- “Passive Combatants”Online Discourses of the “Tamil Woman” and the 2009 Gardiner Expressway Occupation
Triggered by a particularly gory day in Sri Lanka’s conflict, around five thousand protesters in Toronto made their way onto the Gardiner Expressway and shut down six lanes of traffic for approximately six hours on Sunday, May 10, 2009—Mother’s Day.1 The Gardiner occupation was one part of the large-scale mobilization of hundreds of thousands of Tamils around the world in response to the culmination of decades of political repression, subjugation, and structural genocide. While some celebrated the Gardiner occupation as an innovative transnational protest practice, justified as an understandable response after months of protesters being ignored, most commentators condemned the act as “dangerous,” “unlawful,” and “the wrong way to protest.” Online discussions critiqued women’s presence at the protest’s frontlines as “human shields,” initiating debates on the agency of racialized women in activism.
Within broader feminist debates about online communication’s potential to transform women’s social and cultural experiences, in this paper I explore how the virtual organizes, alters, confronts, and is shaped by gender and race relations. Discourses of the Gardiner protest that highlight the racial divide constructing women’s resistance in “real” space parallel representations of women’s resistance in virtual space. The sociopolitical space of activism within “real” and virtual realities are still grounded in race politics that are mediated by the nation-state. Inderpal Grewal and Caren Kaplan’s insightful definition of transnational feminism helps to highlight that it is through social practices of border crossing—in this case, through places, platforms, and realities—that power relations between and within feminisms are uncovered.2 Feminists who continue to struggle with issues of privilege and difference [End Page 152] in online spaces must emphasize a critique of the dominant “gaze” that has “whitened our technological stories.”3 With such a critique in mind, I examine a combination of online and offline discourse to explore what happens when an act of transnational protest by racialized women moves from offline-and-local to online-and-(trans) nationally networked.
Information and communication technologies (ICT) were central in this social movement. Through ICTs the Tamil diaspora came to know, engage with, challenge, and organize against their oppression across borders. As media reports and key informants from my research echoed, the incredible global mobilization of 2009 would not have been possible without the digitization of the unfolding conflict in Sri Lanka, or the virtual connection of a transnational network of activists and community members. In Canada, Twitter and texts were used to organize impromptu protests, including the mass occupation on the Gardiner Expressway. Mainstream media reported police discomfort over the community’s use of ICTs to mobilize. Journalists spoke of needing to be engaged with Tamil online networks and news sources because they provided comprehensive reports from around the globe. These narratives suggest that as the movement unfolded in “real” space, it was simultaneously constructed and negotiated in cyberspace. However, the promise of technology resides within a paradox: technologies can enable marginalized groups, but they can also exacerbate marginalization. In the digital age, when racialized women digitize their resistance across borders of lived and virtual realities, examining the conditions underlying representations of their activism is critical: our revolutions are tweeted, battled on Facebook, and borne witness to on YouTube. The politics of gender and race underscore them all.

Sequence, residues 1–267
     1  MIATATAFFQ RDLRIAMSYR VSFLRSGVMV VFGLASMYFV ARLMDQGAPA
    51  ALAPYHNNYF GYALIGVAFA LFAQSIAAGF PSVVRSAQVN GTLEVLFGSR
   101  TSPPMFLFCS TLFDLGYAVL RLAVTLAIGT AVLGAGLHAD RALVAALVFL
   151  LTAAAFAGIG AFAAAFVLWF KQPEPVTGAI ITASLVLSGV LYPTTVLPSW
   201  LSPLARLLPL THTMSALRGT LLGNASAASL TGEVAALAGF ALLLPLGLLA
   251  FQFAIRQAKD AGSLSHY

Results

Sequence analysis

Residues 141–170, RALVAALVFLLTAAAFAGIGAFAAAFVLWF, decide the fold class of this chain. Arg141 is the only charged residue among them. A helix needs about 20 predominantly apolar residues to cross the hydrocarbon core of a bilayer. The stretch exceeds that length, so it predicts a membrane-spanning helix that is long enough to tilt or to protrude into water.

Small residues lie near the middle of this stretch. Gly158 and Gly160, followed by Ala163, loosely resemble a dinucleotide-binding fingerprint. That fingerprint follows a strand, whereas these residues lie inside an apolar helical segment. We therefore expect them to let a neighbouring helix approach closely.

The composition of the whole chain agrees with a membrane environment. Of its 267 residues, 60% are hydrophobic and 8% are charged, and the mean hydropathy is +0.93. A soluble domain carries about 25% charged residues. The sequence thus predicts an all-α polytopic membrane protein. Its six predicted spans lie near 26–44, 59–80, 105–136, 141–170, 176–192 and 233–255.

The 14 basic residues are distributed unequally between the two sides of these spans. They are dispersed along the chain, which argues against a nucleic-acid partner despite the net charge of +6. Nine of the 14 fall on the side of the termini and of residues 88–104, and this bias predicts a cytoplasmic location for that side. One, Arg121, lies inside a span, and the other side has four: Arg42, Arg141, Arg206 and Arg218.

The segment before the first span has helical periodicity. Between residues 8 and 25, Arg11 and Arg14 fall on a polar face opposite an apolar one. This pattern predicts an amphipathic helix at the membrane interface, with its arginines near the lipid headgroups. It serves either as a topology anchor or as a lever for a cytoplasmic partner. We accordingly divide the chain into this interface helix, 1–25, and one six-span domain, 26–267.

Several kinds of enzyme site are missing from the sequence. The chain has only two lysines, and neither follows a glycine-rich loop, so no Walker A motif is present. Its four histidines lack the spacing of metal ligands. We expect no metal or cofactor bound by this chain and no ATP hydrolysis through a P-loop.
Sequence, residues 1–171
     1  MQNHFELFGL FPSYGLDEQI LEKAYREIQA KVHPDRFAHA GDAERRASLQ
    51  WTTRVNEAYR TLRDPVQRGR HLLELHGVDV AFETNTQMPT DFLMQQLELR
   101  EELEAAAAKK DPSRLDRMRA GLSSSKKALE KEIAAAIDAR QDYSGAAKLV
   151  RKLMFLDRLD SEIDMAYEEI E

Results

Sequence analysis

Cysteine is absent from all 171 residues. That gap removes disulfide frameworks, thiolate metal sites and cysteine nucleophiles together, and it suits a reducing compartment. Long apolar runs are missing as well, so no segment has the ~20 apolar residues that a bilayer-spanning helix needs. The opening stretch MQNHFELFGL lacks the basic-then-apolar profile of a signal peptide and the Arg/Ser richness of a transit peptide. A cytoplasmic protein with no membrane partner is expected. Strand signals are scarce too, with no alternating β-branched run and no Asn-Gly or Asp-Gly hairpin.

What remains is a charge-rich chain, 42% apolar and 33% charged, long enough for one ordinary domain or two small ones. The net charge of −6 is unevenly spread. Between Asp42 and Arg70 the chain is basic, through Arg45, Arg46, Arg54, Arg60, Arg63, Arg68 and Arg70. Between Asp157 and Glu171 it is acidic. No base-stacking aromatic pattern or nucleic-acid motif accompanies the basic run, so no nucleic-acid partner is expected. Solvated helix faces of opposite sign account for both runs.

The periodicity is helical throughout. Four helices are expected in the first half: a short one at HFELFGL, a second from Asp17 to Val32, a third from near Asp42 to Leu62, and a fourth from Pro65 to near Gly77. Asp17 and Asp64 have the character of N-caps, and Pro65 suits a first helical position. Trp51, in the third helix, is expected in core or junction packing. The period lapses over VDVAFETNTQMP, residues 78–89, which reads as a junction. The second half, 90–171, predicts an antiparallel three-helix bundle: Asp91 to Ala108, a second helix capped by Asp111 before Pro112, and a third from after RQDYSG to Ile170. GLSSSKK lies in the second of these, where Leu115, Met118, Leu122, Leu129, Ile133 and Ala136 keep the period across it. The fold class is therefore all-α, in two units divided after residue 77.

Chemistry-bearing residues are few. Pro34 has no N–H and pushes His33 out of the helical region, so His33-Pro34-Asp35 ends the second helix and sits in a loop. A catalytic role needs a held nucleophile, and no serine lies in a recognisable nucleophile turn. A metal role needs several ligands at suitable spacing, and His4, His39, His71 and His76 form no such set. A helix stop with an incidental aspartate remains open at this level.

Building upon growing scholarship on the agency and resistance of racialized women around the world,4 and drawing upon the contributions of critical race and postcolonial scholars,5 this essay highlights the representational politics of the racialized woman activist—the composite “Third World woman” in the West6—who engages in radical, transnational protest practices against national conflicts. Since “womanhood” is constructed through gender, ethnic, and racial divisions within the nation, protest provides a powerful site to unpack how the essentialized role of women frames them not only as a nation’s biological and symbolic reproducers but also as its ideological reproducers.7 Women’s function as an assemblage of ethnic and racial collectivities and difference is amplified through the antagonism of protest across “real” and cyber space. Online spaces...